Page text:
Thethings they carried
Theprotagonist in the book is Tim O`Brien, who begins the book bydescribing his events and experiences, which occurred during the warbetween the US and the Vietnam (Bloom, 35). He introduces severalcharacters in the book who were part of the 23rd Infantry Division, athird platoon. The book wasinitially publishedin 1990 by Houghton Mifflin and the works contained in the book arelargely metafictional, whereby the author employs a verisimilitudewriting tactic.
Inthe book, a reader is introduced to a lieutenant by the Jimmy namecross who was the leader of the squad during the war in Vietnam.Cross isdescribedas carrying some physical objects that are meant to remind him ofMartha that represented asymbolof unrequited love (Bloom, 39). In the book, it is very apparent fromthe author that the war in Vietnam became a constant phenomenon inthe human race and one that people could not move away from even whenthey try to move on with their lives.
Thenature of war is thus described to be parasitic, in that it eats onthe victims in their entire lives. This parasite isdescribedto a dangerous organism that depends on the host for food, holder andits development. While the parasite is taking all this benefits, thehost is suffering and harming during the process(Gratch,71).Therefore,the relationship between the organism known as the parasite and thehost is not mutually symbiotic. The war, in this case, tales the formof the parasite, and the soldier is the host in whom the parasitedwells.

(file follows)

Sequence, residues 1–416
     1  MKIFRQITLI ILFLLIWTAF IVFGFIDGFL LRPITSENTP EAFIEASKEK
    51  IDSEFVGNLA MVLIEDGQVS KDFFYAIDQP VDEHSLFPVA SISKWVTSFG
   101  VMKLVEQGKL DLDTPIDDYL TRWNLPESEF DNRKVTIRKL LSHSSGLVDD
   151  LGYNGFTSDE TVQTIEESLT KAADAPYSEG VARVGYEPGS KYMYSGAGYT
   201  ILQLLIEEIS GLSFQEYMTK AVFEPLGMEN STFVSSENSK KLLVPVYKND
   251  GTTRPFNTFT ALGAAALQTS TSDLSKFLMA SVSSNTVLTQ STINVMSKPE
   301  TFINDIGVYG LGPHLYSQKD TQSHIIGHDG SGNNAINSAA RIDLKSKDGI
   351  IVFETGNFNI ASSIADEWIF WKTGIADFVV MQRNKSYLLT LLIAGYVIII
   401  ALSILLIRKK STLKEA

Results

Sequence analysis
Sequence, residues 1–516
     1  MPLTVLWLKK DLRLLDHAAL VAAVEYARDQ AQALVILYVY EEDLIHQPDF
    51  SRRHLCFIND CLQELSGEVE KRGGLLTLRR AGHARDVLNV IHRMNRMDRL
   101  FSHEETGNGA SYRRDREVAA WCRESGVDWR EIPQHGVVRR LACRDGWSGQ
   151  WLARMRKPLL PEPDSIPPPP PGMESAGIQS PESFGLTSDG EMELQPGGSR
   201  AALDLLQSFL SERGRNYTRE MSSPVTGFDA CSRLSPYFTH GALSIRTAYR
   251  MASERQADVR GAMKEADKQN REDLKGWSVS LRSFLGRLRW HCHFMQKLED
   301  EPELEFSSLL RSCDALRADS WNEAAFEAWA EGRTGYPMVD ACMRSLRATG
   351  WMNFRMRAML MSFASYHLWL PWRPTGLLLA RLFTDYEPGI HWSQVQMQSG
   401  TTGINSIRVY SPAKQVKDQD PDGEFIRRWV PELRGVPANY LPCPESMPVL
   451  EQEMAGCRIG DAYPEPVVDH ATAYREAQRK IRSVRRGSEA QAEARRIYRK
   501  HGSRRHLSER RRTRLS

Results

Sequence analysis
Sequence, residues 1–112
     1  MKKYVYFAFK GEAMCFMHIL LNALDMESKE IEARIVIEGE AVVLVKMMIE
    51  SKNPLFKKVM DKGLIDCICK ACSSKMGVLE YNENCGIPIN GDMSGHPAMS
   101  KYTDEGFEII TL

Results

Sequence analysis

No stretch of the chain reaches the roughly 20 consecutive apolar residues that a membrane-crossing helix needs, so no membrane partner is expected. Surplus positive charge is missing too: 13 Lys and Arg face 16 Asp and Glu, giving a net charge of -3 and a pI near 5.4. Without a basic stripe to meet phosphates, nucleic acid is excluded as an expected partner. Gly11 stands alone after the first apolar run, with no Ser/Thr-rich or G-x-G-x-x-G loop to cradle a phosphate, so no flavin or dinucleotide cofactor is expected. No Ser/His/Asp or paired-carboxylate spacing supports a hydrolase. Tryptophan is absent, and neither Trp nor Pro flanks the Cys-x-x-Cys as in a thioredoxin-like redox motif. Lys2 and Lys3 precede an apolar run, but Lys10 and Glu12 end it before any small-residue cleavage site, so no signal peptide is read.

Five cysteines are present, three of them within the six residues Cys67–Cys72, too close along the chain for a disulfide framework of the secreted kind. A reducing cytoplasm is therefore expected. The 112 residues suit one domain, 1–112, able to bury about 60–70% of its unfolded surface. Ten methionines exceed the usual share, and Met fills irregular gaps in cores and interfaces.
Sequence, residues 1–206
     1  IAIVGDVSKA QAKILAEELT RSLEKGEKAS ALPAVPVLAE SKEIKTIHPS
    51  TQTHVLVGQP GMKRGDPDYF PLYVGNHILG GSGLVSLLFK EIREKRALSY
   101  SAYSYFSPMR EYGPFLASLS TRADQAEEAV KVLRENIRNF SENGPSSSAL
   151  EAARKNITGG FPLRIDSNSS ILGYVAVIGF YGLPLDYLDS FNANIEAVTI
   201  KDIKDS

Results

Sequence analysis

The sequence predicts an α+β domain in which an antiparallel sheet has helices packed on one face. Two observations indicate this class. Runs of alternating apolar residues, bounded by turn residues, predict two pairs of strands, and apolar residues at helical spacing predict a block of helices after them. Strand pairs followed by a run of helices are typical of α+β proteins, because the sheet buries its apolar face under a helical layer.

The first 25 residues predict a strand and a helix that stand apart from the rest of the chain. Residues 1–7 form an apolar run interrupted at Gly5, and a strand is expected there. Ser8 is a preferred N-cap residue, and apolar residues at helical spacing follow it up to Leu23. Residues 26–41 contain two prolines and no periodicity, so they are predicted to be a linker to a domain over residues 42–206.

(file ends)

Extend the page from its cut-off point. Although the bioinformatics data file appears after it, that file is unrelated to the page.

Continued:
Throughoutthe book, war is portrayed to have this parasitic nature. In aparticular instance, the author T. O`Brien goes back to war inVietnam with his daughter. Despite the fact it has been twenty yearssince the war ended, it isseenas if all the thoughts of O`Brien have been stuck to the time hespent in the war. O`Brien and his daughter are seen to travel in thevarious parts of the country, but just before they depart, he returnsto Vietnam, to the very battlefield where there was war(Bloom,60).The place he felt that he lost everything that he owned.He also feels that his respect and honor wasloston the battlefield, he also adds to the list the loss of his bestfriend and self-confidence that is described as faith in oneself.
Theconcept of war as a parasite is not only evident in the return ofO`Brien to Vietnam, but also the continued repetition of the talesthat took place in the war that are seen to flow in the subsequentstories in the book. Theauthor brings out this concept of the parasitic form for example inchapter ‘speaking of courage’ where another character by the nameNorman who comes back home after the war finds himself put a newspin(Bloom,89) where he finds things are not being the same as heleft them before the war.He soul lacks space back in the society and therefore, war is hispart of life. Norman feels as if he is not at the same level of thesociety and people don’t seem to understand him either. He latercommits suicide due to this feeling, since it was too much for him tobear.